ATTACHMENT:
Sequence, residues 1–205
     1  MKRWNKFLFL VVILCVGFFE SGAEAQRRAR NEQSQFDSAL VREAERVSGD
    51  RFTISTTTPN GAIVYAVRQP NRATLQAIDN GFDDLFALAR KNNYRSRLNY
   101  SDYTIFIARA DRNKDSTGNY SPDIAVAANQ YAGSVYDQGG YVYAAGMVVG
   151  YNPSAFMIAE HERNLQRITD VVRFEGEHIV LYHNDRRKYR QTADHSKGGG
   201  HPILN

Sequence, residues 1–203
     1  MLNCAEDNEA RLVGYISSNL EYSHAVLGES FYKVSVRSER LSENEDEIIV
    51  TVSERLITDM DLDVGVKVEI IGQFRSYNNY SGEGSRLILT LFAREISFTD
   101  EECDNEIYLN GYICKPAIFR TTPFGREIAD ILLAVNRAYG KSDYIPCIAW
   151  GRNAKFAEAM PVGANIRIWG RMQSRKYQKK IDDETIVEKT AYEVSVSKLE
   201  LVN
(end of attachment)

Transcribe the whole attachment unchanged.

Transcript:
Sequence, residues 1–205
     1  MKRWNKFLFL VVILCVGFFE SGAEAQRRAR NEQSQFDSAL VREAERVSGD
    51  RFTISTTTPN GAIVYAVRQP NRATLQAIDN GFDDLFALAR KNNYRSRLNY
   101  SDYTIFIARA DRNKDSTGNY SPDIAVAANQ YAGSVYDQGG YVYAAGMVVG
   151  YNPSAFMIAE HERNLQRITD VVRFEGEHIV LYHNDRRKYR QTADHSKGGG
   201  HPILN

Sequence, residues 1–203
     1  MLNCAEDNEA RLVGYISSNL EYSHAVLGES FYKVSVRSER LSENEDEIIV
    51  TVSERLITDM DLDVGVKVEI IGQFRSYNNY SGEGSRLILT LFAREISFTD
   101  EECDNEIYLN GYICKPAIFR TTPFGREIAD ILLAVNRAYG KSDYIPCIAW
   151  GRNAKFAEAM PVGANIRIWG RMQSRKYQKK IDDETIVEKT AYEVSVSKLE
   201  LVN